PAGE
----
Before taking the stage at the Oscars Sunday night, Seth MacFarlane prepared us to be ready for the 'worst Oscars ever.'
His pre-show self-deprecation set the stage for his opening monologue, complete with a William Shatner cameo from the future, that was meant to show just how badly things could get if he didn't switch gears before it was too late.
The time-bending gimmick seemed to give MacFarlane the permission he wanted to tell the kind of jokes one would expect from the guy behind Famliy Guy and Ted.
In addition to his much-maligned "We Saw Your Boobs" musical montage, MacFarlane delivered a groaner aimed at Lincoln and Daniel Day-Lewis's propensity for method acting (“If you bumped into Don Cheadle on the studio lot, did you try and free him?”) and hit on well-trod nagging-woman territory with a jab at Jessica Chastain's Zero Dark Thirty character (an example of "a woman's innate ability to never let anything go").
Django Unchained's crass script provided a few softballs for MacFarlane to joke at a few Hollywood scandals, as “the story of a man fighting to get back his woman, who’s been subjected to unspeakable violence--or as Chris Brown and Rihanna call it, a date movie," with a "screenplay... loosely based on Mel Gibson's voicemails."
Monday morning, the reaction from the commentary press was swift and harsh.
From the Los Angeles Times: "MacFarlane opens the show both crude and polished"
Before an estimated audience of a billion people, MacFarlane alternated between making hamburgers out of Hollywood’s sacred cows and showing fealty to good old-fashioned showbiz spectacle with elaborate song and dance numbers that made fun of precisely no one.
The Atlantic: "The Banality of Seth MacFarlane's Sexism and Racism at the Oscars"
What the jokes were, really, was stupid, boring, and empty: humor that relied less on its own patently sexist, racist, homophobic, etc. content than on admiration for or disgust with the host's willingness to deliver it. So much of comedy is about the shock of recognition, of seeing some previously unacknowledged truth suddenly acknowledged, but the only recognition MacFarlane offered was that some people say dumb things about other peoples' gender/racial/sexual identities. Which, of course, should not be shocking at all.
Salon: "Seth MacFarlane, misogynistic Oscar host"
In this context, the more standard, easy-target knocks— the kind of joke almost any host would make in our tabloid era — about Rihanna and Chris Brown’s ongoing trainwreck relationship and the hairiness of the Kardashians seemed even more mean-spirited. More remarkable than all undercutting remarks, is that without them, MacFarlane had barely anything to say about women at all: they were either boff-toys or nothing. He introduced Sandra Bullock by her random credit in the movie “28 Days,” just so he could make a joke about getting drunk himself.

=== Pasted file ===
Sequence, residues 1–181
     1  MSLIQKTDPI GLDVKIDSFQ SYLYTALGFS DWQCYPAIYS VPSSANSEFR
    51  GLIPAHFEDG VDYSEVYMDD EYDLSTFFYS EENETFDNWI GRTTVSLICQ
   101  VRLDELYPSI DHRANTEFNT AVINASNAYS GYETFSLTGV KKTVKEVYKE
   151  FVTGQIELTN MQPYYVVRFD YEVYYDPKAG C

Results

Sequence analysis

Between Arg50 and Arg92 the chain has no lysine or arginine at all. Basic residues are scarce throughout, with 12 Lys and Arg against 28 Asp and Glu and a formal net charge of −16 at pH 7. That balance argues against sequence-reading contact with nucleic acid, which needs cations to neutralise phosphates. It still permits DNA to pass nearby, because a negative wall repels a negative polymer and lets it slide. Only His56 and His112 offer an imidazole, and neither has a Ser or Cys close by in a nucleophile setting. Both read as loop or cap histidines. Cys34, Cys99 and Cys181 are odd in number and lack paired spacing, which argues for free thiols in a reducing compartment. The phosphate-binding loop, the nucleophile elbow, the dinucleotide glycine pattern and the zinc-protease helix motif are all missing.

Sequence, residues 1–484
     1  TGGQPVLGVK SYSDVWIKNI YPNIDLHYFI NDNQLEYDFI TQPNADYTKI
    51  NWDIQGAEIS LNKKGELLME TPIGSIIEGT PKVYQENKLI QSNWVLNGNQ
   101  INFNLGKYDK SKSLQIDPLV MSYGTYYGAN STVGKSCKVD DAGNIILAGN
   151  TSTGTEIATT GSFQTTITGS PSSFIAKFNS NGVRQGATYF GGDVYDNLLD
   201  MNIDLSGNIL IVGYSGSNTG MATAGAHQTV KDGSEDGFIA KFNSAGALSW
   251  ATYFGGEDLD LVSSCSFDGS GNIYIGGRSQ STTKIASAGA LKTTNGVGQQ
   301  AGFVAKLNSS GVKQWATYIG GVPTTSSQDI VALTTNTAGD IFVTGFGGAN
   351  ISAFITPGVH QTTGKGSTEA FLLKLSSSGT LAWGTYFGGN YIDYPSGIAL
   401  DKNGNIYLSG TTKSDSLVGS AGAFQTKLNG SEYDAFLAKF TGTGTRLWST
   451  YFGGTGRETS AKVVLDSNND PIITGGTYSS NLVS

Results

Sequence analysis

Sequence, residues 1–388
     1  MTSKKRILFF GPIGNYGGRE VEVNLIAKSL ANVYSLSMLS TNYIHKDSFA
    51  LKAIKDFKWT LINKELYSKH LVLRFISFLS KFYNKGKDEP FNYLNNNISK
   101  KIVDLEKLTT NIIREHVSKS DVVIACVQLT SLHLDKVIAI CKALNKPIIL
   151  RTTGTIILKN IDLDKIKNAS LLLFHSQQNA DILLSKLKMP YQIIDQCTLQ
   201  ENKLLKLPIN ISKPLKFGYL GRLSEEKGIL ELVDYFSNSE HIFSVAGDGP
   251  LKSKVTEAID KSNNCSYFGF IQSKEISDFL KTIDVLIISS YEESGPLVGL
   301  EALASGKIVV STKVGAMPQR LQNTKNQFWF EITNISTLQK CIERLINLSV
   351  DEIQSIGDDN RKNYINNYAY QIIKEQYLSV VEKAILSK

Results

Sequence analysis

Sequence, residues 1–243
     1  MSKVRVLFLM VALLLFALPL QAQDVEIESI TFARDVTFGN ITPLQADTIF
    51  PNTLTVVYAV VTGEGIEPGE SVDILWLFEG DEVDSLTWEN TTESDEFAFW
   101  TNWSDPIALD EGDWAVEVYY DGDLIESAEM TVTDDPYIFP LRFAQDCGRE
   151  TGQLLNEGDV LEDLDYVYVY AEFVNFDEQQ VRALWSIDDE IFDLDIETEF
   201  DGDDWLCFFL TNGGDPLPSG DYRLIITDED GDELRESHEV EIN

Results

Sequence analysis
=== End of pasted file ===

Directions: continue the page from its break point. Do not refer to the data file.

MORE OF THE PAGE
The Atlantic Wire: "Seth MacFarlane's Oscar Monologue Was Endless, and Maybe Racist and Sexist"
Playing off his pre-Oscars prediction that everyone would hate him at the Oscars, Seth MacFarlane spent the first 19 minutes of the Academy Awards on Sunday making sure everyone would, in fact, hate him.
Slate offered a different, but no less disapproving read of the Shatner schtick:
I’ll limit my discussion of “We Saw Your Boobs” to noting how, um, nakedly it put into relief a recurring theme in last night’s ceremony: A defensive anxiety about the ascendant power of women (emblematized, later on, by the pairing of the statuesque Theron with the wee Dustin Hoffman as awards presenters.) In spite of MacFarland’s steady stream of lady-diminishing wisecracks (about Jessica Chastain’s character in Zero Dark Thirty being a typical grudge-holding woman, Quvenzhané Wallis soon being old enough to date George Clooney, etc.) it was a night dominated by a trio of powerful, glittering, seemingly indomitable women: 76-year-old Shirley Bassey in a bronze column dress, belting the Bond theme “Goldfinger” with old-time showbiz bravura; Adele in sparkly silver, bringing down the house with a magnificently simple (if poorly sound-mixed) rendition of her own 007 song, “Skyfall,” which went on to win Best Song; and, in the only real gasp-worthy surprise of the night, Michelle Obama in severer, more armor-like silver, appearing live from what appeared to be a West Point dress ball to announce the award for Best Picture.
So was MacFarlane merely funny (or not) or wildly offensive? Let us know in the poll.